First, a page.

We can cut those out of our daily routine by creating a weekly or monthly meal plan.

Start with dinner. Sit down and come up with dinner ideas for the week. Write them down and post them on the fridge door. Grocery shopping involves picking up everything that’s needed. That way there’s no need to agonize about what to fix for dinner after a long day at the office.

From there, it’s a case of expanding and including breakfast and lunch plans as well. Once the meals are planned, there’s no more decision making involved, meal wise at least.

This same principle can be applied to other areas of life and work.

For example, making out a to-do list first thing in the morning or before heading home in the afternoon. A whole bunch of decisions can be pulled together this way.

Cutting down on choices

Not every decision has to be made by me or you. If you’re working in a team or have people under you, don’t be afraid to delegate. Yes, in the beginning, it’s a little extra work to explain what needs to happen and what’s involved.

But as you start to delegate and give these people more and more responsibility, your decision making tasks will be considerably cut back. That allows you to focus on the critical stuff.

Another great strategy is to simply cut down on the number of choices you give yourself (and others). Get in the habit of trimming the list before you even attempt to choose.

These tips may seem like little things, but they will quickly add up. It doesn’t take a lot of decision cutting back to notice a big difference in when and how hard decision fatigue hits. Give it a try.

Decision making ability replenishes

I thought we should end on a high note. The good news is that our decision-making abilities replenish and they do so regularly. In general, our decision-making ability replenishes with rest and with relaxation. Since we’re getting less and less of that in these busy times, it’s no wonder decision fatigue is becoming a big issue.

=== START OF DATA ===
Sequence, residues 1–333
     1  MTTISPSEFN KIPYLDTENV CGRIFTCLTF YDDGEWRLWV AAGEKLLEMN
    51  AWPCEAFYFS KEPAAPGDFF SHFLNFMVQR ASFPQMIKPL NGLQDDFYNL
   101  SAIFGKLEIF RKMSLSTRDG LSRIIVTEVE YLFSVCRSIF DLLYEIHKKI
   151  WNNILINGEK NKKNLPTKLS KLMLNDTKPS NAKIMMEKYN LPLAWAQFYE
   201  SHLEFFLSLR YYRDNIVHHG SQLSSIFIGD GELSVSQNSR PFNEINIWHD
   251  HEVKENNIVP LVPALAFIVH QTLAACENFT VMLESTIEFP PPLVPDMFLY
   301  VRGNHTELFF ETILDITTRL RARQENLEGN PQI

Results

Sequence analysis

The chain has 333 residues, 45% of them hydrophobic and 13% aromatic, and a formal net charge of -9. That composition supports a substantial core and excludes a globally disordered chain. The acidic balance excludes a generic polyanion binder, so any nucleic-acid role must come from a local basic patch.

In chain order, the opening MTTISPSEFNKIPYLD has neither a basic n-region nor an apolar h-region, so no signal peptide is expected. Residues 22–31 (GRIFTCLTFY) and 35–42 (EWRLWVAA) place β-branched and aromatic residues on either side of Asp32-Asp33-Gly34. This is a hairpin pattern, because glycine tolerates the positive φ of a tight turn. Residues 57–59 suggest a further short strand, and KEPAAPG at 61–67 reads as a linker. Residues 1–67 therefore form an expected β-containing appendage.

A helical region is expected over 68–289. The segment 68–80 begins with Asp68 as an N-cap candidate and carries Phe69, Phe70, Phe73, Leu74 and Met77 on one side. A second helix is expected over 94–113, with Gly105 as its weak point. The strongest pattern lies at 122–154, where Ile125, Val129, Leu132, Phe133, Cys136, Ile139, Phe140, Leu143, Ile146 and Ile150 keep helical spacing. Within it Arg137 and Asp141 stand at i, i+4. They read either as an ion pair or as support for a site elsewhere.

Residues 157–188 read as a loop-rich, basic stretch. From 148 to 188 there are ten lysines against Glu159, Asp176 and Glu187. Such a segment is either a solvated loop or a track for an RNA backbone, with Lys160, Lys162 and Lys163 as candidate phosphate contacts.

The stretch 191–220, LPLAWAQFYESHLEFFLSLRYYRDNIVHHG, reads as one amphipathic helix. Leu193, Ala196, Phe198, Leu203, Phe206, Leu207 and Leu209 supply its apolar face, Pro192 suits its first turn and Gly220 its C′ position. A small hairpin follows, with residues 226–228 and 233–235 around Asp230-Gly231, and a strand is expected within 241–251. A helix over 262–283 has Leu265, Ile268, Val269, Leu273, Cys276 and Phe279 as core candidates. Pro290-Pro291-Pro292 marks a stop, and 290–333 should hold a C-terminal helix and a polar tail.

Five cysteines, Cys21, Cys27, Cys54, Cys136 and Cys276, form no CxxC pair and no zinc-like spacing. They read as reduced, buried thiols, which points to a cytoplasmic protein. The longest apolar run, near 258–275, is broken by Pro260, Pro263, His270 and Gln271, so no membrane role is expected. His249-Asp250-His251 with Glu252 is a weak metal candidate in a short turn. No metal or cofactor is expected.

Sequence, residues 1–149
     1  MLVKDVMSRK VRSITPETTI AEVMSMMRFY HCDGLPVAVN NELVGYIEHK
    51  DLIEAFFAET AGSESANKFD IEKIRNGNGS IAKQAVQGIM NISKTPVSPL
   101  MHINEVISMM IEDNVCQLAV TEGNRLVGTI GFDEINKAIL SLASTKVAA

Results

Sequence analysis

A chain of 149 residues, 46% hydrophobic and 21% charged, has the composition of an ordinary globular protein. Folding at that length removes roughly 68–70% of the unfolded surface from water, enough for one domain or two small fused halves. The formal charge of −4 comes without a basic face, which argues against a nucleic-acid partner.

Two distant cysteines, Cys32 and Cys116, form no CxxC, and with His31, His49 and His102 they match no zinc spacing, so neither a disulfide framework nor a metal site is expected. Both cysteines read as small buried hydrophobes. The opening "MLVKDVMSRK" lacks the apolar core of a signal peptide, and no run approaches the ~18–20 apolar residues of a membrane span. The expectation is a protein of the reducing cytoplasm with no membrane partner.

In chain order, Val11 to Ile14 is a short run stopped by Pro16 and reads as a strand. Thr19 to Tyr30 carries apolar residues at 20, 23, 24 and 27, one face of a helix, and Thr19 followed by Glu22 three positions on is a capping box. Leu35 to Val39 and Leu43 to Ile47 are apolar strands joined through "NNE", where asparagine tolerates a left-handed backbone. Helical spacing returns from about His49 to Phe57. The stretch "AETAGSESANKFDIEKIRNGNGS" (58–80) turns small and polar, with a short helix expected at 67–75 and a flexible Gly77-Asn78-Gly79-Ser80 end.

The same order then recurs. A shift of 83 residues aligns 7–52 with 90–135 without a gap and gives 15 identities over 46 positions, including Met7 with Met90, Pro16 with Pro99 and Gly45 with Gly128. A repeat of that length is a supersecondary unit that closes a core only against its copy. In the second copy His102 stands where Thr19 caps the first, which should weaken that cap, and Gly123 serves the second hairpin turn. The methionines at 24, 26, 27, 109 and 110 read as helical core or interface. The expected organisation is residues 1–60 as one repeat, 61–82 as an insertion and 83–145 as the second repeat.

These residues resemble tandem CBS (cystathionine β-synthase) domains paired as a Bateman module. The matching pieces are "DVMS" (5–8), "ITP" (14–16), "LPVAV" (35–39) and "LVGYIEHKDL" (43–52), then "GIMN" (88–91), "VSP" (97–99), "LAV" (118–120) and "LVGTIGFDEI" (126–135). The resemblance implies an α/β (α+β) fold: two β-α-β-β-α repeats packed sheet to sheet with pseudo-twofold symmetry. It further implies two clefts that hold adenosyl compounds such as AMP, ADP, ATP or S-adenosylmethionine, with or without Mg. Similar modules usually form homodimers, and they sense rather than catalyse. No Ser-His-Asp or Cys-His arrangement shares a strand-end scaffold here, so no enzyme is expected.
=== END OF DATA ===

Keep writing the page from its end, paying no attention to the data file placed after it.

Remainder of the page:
Decision making replenishes overnight

No point in panicking when we find ourselves unable to make another decision at the end of a long day. Sleeping replenishes our ability to make smart choices overnight. Next morning we’re back to a clear head and able to make important decisions .

This is useful to know. If we feel decision fatigue is setting in it means we should rein things in for the rest of the day. It means, don’t schedule important meetings in the evening and use mornings more strategically.

It pays to take a day out

We all get busy, and we all get stressed out from time to time. When a good nights sleep doesn’t seem quite enough to bring our decision making batteries back to full strength, it may be a good idea to take the day off.

It’s time to break into the cycle by doing something fun, relaxing, de-stressing, and most importantly, making as few decisions as possible. 

But, if taking the day off, or waiting for the following morning simply isn’t an option, go outside, get some air, and clear your head before making your decision. While this won’t work as well as sleep or a day off, it may be just enough to give you that little boost of energy and willpower you need to make the right decision.

Time for a vacation?

Last but not least, let’s talk about taking a few days off and going on vacation. You know from experience how invigorating and restful a trip can be. Take advantage of this and come back ready to make those important decisions about the future of your company, your family, or what projects you want to tackle during the next quarter.

Learning to recognize the signs of decision fatigue is probably far more important than any important decisions we may need to make. There are negative implications trying to withdraw some decisions, and sometimes we simply can’t do that. Better to avoid the problem in the first place by going at decision making with a clear head.